Known as the third oldest test cricket ground in the world, Trent Bridge has hosted first class cricket since its opening in 1838. Home to Nottinghamshire County Cricket Club, Trent Bridge is also a popular venue for the England cricket team, having hosted multiple international matches and Ashes tests.
Found to the south of Nottingham, Trent Bridge also has links to football; Nottingham Forest and Notts County (the world’s oldest professional football club) can both be found in the neighbouring area, and Trent Bridge has also served as a ground for both teams!
Trent Bridge Inn is found on the corner of the ground; this historic tavern is notable as it helped organise the first cricket matches at the location. Now operated by Wetherspoons, the Trent Bridge Inn serves a wide variety of real ales and craft beers, in addition to an all-day food menu.
Further along Bridgford Road is the Botanist, a superb gastropub with a robust food menu and striking cocktails and ales. With live music in the evenings, it’s a great place to wind down after a day full of cricket.
Located in scenic Bridgford Park, Bridgford Hall is a collection of seven luxury suites which provide all the home comforts you could possibly need. Quiet and modern, it’s the ideal starting point for any adventure into Nottingham, and is less than a 10-minute walk from Trent Bridge.
Nottingham City Centre has a number of hotel options too, including big name brands like Crowne Plaza and Mercure. From here, Trent Bridge is easily accessible via bus; it’s a reasonable distance to walk too!
Looking for something in between? Jurys Inn Nottingham is found next to the train station, putting it in an ideal location between Trent Bridge and the City Centre. Stay the night after a full day of cricket action, and you’ll be minutes away from everything else Nottingham has to offer!
With two universities in the city, it’s unsurprising that Nottingham’s bar scene has grown immensely in the past few years. The area specialises in “hidden bars”; quirky locations which only those in the know will be able to find. Venture to Hockley Arts Club for an eclectic mix of styled décor, pay a visit to the backroom of Boilermaker’s boiler showroom for delicious cocktails, or simply wander around the city centre and see what you can discover for yourself!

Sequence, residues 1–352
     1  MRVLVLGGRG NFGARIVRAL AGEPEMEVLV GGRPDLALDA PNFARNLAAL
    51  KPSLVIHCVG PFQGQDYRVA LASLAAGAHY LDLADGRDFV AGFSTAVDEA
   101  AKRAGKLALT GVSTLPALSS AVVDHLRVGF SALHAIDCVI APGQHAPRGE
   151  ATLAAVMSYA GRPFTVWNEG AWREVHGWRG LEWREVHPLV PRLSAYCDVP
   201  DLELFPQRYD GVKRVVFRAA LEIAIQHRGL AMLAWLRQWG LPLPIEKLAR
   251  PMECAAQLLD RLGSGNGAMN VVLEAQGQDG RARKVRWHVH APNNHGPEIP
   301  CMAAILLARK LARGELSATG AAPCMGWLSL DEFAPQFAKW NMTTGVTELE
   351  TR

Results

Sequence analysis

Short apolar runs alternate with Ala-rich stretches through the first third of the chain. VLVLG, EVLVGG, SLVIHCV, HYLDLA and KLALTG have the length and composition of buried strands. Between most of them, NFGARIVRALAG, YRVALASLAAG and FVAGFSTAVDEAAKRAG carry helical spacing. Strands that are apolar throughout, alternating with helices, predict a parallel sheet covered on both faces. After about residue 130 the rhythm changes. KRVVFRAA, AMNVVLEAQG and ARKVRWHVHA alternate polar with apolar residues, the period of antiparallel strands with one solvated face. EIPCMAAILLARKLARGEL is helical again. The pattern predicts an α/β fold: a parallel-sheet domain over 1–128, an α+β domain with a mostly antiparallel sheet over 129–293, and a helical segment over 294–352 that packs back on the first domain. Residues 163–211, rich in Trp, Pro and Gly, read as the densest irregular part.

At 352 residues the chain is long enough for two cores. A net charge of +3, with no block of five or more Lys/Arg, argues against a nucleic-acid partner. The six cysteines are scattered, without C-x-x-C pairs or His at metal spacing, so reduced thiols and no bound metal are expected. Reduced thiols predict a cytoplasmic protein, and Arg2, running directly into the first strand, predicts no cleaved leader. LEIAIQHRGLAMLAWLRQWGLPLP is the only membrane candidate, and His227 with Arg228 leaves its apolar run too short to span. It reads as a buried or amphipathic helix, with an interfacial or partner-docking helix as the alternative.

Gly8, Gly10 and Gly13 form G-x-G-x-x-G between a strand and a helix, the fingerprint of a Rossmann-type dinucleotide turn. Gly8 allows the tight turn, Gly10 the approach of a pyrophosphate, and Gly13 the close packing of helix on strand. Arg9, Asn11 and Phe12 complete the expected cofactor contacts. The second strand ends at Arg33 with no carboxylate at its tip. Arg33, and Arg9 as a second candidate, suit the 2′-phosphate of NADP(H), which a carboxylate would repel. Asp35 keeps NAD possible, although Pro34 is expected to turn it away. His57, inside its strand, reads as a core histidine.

Another of Nottingham’s well kept secrets is its intricate cave network. Hidden beneath the city for centuries, the caves are now open for exploring as part of the City of Caves attraction. Explore an authentic World War II bunker, along with other historic relics and monuments, all carved or built out of the limestone tunnels.
By rail: Direct travel to Nottingham via train is possible from a number of major cities, including London (from St Pancras), Birmingham, Leeds and Leicester. From the station, it takes about 20 minutes to walk to Trent Bridge.
By car: Several major roads lead into Nottingham, including the A453, the A610 and the A60. Drivers from London will want to take the M1 northbound before joining the A453 at Junction 24. Due to the ground’s close proximity with the city centre, there’s plenty of nearby parking options, including a multi-storey at the train station. Nottingham also operates a park and ride service, allowing you to park securely on the outskirts before taking a tram further into the city.